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Sunday, 23 November 2014

Chump China

Even one-sided Chinese investment has its benefits

Canada wants equal rights for its companies to pile into China.  The country’s opposition leader says his compatriots would be “chumps” if they allowed state-owned CNOOC to buy Canadian oil group Nexen without China granting equal access to its natural resources. Demands for reciprocity seem only fair. But workers and investors in rich countries gain even if the money flows only one way. It’s the Middle Kingdom that misses out by being less welcoming.

China is not as closed as it is often portrayed. In 2010 it accepted $106 billion in foreign direct investment – second only to the United States and four times more than India, according to UNCTAD. Still, China-bashers do have a point: foreign investment in sectors like financial services and energy is still highly restricted. China can also take a dim view of foreign takeovers, as Coca-Cola discovered in 2009 when its $2.4 billion bid for Huiyuan Juice Group was blocked by the state.

The best economic outcome would be more openness on both sides. That said, the likes of Canada would lose from a from a tit-for-tat strategy. For a start, there is a lot to be said for accepting ‘stupid’ money from overseas. Americans had the last laugh when Japanese investors overpaid for trophy assets like the Rockefeller Center in the 1980s. With ample access to cheap credit, Chinese companies are in a good position to line the pockets of foreign shareholders, who can then put those funds to more productive use elsewhere.

The rewards are not confined to shareholders. Majority-owned Chinese companies in the United States already support 27,000 jobs. If America plays its cards right, that could climb to 400,000 by 2020, according to research firm Rhodium Group.

True, allowing foreign companies to take control of natural resources raises particular concerns. But these can be overcome by making sure that extraction is appropriately taxed, regardless of the nationality of the company doing the digging or drilling.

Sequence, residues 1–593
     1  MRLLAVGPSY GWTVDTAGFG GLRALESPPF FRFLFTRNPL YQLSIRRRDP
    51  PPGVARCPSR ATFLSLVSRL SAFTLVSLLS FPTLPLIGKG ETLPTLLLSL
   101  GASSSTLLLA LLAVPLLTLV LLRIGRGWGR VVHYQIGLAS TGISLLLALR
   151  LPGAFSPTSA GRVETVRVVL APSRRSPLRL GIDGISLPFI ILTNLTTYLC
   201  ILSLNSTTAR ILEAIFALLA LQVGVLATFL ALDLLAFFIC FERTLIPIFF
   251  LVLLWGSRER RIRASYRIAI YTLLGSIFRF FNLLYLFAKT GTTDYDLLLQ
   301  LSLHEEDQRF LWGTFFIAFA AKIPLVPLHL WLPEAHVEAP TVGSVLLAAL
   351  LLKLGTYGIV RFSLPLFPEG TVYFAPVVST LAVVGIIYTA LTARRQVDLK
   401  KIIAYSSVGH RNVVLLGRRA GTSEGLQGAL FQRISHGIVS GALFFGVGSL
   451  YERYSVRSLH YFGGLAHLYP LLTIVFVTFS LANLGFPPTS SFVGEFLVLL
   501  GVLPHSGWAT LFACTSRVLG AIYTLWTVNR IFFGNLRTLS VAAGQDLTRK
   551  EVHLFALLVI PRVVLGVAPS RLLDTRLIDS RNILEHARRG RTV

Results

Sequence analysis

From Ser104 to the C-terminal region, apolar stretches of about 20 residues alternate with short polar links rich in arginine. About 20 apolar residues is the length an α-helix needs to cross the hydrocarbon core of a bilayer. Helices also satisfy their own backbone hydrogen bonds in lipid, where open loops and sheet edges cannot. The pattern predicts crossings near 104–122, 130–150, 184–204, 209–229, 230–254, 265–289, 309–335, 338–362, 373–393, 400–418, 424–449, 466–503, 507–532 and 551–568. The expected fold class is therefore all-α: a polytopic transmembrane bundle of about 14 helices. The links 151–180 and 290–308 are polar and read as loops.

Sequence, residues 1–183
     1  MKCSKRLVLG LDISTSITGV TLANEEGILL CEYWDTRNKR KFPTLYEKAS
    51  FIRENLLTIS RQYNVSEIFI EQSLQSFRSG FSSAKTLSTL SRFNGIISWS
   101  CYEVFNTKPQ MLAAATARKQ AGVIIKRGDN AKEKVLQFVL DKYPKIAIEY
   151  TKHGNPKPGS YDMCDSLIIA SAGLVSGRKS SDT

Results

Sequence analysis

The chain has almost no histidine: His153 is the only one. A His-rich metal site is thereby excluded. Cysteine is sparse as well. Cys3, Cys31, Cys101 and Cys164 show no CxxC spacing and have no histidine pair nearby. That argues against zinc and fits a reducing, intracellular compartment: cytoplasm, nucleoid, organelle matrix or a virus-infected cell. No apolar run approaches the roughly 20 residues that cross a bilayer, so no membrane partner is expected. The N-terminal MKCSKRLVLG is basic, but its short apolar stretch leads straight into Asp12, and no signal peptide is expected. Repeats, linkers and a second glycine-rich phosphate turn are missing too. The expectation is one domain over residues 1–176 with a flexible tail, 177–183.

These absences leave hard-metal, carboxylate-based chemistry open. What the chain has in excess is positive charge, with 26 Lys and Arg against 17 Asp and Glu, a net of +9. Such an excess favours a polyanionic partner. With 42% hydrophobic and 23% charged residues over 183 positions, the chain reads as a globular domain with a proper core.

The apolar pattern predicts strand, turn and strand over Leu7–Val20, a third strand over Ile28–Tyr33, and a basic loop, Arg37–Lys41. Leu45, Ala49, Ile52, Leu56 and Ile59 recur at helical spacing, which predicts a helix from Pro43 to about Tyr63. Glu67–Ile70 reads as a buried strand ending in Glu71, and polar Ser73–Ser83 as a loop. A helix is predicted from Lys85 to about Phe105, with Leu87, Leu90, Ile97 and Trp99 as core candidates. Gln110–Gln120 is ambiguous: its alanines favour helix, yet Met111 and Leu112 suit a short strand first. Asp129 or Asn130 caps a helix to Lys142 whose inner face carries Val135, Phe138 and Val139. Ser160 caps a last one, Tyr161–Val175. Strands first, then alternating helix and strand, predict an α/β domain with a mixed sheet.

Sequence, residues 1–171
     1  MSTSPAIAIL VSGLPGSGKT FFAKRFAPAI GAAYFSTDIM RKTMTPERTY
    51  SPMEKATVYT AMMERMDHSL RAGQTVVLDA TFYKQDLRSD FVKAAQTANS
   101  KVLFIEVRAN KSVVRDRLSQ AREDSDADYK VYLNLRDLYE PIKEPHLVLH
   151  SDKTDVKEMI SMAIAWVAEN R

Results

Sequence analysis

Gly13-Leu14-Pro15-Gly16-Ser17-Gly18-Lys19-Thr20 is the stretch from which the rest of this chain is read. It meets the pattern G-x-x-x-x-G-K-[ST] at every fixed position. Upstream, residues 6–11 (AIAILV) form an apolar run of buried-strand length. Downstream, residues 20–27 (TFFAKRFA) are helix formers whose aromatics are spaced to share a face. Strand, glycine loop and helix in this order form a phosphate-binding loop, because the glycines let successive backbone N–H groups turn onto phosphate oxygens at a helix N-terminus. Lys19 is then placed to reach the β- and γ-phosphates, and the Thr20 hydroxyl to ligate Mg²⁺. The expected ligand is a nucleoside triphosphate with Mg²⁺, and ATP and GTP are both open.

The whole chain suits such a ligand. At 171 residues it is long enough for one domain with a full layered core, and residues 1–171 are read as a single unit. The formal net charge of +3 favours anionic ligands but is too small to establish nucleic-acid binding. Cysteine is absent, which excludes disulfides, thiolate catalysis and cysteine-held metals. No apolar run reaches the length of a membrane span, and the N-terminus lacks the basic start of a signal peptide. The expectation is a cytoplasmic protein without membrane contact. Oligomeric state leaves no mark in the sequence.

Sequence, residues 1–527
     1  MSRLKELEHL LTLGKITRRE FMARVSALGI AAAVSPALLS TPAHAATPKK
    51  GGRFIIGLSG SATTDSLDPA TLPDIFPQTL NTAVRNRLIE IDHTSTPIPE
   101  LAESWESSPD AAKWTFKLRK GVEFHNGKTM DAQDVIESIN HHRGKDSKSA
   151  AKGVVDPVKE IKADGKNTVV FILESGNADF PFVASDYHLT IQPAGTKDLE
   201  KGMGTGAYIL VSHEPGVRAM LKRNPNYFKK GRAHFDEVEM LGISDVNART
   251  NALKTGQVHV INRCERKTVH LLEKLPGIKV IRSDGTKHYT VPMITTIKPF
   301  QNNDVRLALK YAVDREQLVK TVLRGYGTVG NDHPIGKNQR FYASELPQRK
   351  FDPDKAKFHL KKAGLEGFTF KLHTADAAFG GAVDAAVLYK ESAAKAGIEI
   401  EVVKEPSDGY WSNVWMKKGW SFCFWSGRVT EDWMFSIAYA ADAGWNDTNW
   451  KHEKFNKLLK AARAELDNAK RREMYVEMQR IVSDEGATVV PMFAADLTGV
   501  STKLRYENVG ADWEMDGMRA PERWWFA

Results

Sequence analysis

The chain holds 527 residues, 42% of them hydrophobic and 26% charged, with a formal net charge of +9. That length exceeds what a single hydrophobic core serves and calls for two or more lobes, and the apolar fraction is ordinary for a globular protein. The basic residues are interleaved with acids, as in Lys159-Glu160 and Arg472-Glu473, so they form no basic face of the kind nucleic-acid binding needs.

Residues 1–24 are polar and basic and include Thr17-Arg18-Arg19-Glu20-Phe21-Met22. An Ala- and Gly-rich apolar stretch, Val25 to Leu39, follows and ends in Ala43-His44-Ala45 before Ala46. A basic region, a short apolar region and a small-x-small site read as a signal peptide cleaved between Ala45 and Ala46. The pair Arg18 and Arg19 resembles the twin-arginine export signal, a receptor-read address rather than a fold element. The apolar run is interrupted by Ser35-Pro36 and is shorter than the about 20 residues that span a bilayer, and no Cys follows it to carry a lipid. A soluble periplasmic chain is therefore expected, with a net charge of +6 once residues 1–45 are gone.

So Canada’s fear of being seen as a mug turns reality on its head. American companies have cash reserves of $1.7 trillion, while Canadian companies are sitting on close to $600 billion. To the extent that China imposes restrictions on foreign investors, it risks being the chump.

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Context News

The leader of Canada’s opposition New Democratic Party Thomas Mulcair said on Oct. 2 “reciprocity” with China should be a factor in whether the government approves a $15.1 billion bid by China’s energy company CNOOC for Canadian rival Nexen.
“Canadian investors would never be allowed to buy the raw natural resources of China,” Mulcair said on Tuesday. “So, there’s something terribly wrong with a government that keeps signing these deals where we pass for chumps, where they get something that we don’t get.”

Canadian Prime Minister Stephen Harper said on Oct. 4 that the deal raised “difficult policy questions”. In late August he said that securing the right of Canadian companies to buy Chinese companies was one of the “important questions” in the CNOOC-Nexen deal.

European business groups have also complained about Chinese restrictions. “European companies face many obstacles in China, while Chinese investors enjoy almost open access to the European investment market,” Davide Cucino, president of the European Union Chamber of Commerce in China, said on Sept.19.

Research by the Rhodium Group shows that majority owned affiliates of Chinese companies support 27,000 jobs in the United States, up from 10,000 five years ago. Chinese investment is on track to employ 200,000 to 400,000 Americans by 2020, the research company calculates. Chinese foreign direct investment into the United States was around $5 billion last year and is on track to hit $8 billion in 2012 this year.

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